5. Adding a touch of sweetness to the mix might help make the drink and seeds more palatable if you can’t deal with the bitterness.

This same method can be used to get additional benefits from the leaves. They can be cooked in food or even made into tea.

Fenugreek Benefits

There are a number of benefits linked to using fenugreek and various studies completed to prove or disprove these theories. While not completely conclusive and knowing that studies can be done in rigid and non typical scenarios, it’s worth showing what this plant has to offer some people and situations.

Some health issues cause concern for bodybuilders and fitness enthusiasts. It can hinder their progress or even stop them from continuing to train, depending on the issue and its severity.

Why not use a supplement that does both, by not only taking care of your health but also providing additional benefits to enhance your workout?

Here are the health problems we’ve identified that might be helped or cured by using fenugreek:

  • Diabetes and blood sugar levels
  • Appetite control and weight loss
  • Digestive problems
  • Hair and skin
  • Skin ulcers and wound healing
  • Asthma
  • Cancer
  • Bronchitis and sinus problems
  • Benefits for men
  • Benefits for women

Let’s take a look at them and see how fenugreek could help make life with health issues a little bit easier to handle, and hopefully get you back in training mode if you’ve been derailed.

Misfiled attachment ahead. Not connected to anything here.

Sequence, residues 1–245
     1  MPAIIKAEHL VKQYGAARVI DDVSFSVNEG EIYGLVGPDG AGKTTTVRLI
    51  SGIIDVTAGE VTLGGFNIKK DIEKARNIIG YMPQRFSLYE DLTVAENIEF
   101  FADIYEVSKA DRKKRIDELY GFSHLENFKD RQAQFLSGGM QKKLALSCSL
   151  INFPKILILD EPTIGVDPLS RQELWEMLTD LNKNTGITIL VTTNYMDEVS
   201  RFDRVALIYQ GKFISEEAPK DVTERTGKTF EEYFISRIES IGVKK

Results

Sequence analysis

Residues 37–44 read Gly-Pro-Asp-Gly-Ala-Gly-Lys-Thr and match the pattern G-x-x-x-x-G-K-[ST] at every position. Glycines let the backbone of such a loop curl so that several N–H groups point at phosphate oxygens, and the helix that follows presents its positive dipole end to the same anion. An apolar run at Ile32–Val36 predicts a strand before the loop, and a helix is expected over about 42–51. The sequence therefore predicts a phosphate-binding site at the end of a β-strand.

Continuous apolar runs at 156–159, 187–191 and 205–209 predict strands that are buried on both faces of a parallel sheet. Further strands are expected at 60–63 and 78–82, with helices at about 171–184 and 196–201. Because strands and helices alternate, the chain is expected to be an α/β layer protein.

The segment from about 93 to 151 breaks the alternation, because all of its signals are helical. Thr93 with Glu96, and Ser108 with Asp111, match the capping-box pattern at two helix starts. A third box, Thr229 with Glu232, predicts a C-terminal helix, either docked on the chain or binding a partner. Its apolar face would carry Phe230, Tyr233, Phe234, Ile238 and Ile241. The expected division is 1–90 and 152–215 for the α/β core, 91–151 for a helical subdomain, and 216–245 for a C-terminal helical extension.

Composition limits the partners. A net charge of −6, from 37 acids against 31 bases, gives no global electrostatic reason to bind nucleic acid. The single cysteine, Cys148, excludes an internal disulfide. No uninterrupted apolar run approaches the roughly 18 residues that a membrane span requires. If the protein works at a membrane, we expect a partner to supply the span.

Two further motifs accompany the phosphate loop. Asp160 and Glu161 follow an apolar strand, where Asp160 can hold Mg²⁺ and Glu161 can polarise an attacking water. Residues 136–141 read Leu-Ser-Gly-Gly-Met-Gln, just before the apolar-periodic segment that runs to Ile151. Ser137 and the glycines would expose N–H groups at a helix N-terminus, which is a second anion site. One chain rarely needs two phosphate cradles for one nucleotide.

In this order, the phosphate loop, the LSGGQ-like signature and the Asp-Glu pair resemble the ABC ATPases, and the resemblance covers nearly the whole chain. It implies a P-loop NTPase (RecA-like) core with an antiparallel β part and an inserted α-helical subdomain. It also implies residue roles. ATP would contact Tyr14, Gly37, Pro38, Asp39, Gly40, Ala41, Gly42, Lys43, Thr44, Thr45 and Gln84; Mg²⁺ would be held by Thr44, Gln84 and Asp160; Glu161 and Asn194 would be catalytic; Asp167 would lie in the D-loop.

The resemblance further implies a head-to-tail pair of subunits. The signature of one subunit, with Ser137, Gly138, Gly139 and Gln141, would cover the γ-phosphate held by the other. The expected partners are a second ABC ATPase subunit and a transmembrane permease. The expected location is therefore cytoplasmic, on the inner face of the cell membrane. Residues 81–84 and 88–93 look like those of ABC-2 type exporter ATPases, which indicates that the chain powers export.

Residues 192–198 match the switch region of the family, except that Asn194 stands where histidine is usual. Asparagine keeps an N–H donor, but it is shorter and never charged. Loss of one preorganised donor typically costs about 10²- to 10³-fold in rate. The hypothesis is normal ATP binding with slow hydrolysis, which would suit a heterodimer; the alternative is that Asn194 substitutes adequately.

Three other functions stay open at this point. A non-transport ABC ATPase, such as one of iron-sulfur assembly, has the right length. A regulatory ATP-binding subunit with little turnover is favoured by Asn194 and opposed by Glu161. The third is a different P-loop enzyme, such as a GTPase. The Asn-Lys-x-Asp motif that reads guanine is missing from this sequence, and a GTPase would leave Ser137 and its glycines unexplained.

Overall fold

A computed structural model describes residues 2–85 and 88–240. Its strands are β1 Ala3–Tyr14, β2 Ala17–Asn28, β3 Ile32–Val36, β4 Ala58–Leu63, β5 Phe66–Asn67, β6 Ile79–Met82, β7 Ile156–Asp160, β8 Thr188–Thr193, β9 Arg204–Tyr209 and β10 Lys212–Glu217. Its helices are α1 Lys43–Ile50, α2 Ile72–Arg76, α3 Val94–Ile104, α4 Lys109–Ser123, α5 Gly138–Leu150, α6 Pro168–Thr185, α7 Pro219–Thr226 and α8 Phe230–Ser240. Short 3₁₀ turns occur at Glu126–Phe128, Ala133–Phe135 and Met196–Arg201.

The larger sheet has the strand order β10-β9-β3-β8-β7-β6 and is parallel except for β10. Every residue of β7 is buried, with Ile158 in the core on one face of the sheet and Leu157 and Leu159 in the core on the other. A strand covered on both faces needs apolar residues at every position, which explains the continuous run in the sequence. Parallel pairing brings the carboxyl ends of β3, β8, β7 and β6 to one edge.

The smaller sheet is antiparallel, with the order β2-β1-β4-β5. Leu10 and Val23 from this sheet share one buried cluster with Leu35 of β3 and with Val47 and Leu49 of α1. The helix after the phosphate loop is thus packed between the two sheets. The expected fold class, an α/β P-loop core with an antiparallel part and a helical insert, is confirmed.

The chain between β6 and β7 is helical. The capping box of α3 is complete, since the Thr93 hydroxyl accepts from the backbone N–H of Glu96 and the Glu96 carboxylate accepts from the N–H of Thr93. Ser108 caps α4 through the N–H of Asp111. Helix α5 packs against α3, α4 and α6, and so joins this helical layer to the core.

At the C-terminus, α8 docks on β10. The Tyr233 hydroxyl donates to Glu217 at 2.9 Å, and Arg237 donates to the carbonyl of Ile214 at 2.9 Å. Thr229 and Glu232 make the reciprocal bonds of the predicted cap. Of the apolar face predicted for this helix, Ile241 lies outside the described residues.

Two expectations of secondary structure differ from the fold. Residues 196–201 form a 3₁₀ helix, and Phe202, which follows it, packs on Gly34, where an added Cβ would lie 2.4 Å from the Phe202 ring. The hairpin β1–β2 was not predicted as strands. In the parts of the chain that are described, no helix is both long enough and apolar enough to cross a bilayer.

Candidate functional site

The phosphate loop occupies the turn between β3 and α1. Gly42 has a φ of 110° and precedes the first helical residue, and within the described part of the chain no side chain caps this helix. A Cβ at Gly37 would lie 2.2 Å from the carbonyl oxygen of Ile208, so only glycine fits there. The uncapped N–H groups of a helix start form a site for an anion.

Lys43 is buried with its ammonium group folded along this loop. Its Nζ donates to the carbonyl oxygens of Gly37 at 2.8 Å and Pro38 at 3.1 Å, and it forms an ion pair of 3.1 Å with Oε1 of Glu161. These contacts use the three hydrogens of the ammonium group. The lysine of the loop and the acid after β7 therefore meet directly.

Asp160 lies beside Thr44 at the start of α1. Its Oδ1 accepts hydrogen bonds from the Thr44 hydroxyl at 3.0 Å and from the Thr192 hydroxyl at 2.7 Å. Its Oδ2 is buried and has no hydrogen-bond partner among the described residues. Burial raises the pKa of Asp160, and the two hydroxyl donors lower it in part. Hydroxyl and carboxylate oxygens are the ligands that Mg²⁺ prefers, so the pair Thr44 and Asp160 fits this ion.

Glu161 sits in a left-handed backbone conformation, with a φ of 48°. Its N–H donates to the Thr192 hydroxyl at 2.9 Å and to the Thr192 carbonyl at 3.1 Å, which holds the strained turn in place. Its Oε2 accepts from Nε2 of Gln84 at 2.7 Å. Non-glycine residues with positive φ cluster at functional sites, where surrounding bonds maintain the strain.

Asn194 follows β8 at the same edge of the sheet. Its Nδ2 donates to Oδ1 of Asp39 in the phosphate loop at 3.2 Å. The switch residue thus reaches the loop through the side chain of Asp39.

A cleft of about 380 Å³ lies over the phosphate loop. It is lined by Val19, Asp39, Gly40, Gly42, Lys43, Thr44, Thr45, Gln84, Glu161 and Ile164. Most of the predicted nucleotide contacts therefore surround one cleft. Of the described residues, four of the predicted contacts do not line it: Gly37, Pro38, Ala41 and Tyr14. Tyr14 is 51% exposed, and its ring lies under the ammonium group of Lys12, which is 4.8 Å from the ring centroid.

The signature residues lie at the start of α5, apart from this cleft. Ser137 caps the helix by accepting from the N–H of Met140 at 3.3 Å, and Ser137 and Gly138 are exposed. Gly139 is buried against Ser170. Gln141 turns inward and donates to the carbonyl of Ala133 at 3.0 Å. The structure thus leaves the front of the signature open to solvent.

Diabetes and blood sugar levels

There have been quite a few studies conducted on both type 1 and type 2 diabetics to see how supplementing with fenugreek may help with regulating spikes in blood glucose levels. It is a popular supplement to consider due to its naturally occurring fiber in fenugreek.

The fiber binds to the cholesterol and glucose in the body which prevents it from being absorbed, allowing it to be purged by the body through the kidneys and out in waste.

The additional fiber also helps to control insulin levels when processing foods with sugar. The slower digestion rates will help to keep fat deposition down and create a leaner and more muscular physique.

Some promising results have been found to help not only diabetics but also people who struggle to control their blood sugar or have been warned they are prediabetic by their doctor.

One study on type 1 diabetics shows a 54 percent reduction in urine secretion glucose testing after supplementing with seed powder over a 10-day period. LDL cholesterol and triglycerides also decreased significantly, with HDL cholesterol staying the same.

Another 2015 study on type 2 diabetic men showed successful lowering of blood glucose levels in all test subjects. They were divided into two groups and fed either raw or cooked seeds over a three month period. Some were even able to reduce or eliminate hypoglycemic drugs.

Fenugreek benefits are not just for diabetics when it comes to controlling blood sugar levels. There is even a study showing that men who do not have diabetes were able to reduce their blood glucose levels by as much as 13 percent when checked four hours later.

Appetite control and weight loss

Due to its naturally high fiber content, fenugreek may be a source of appetite suppression for people, which can help aid in weight loss.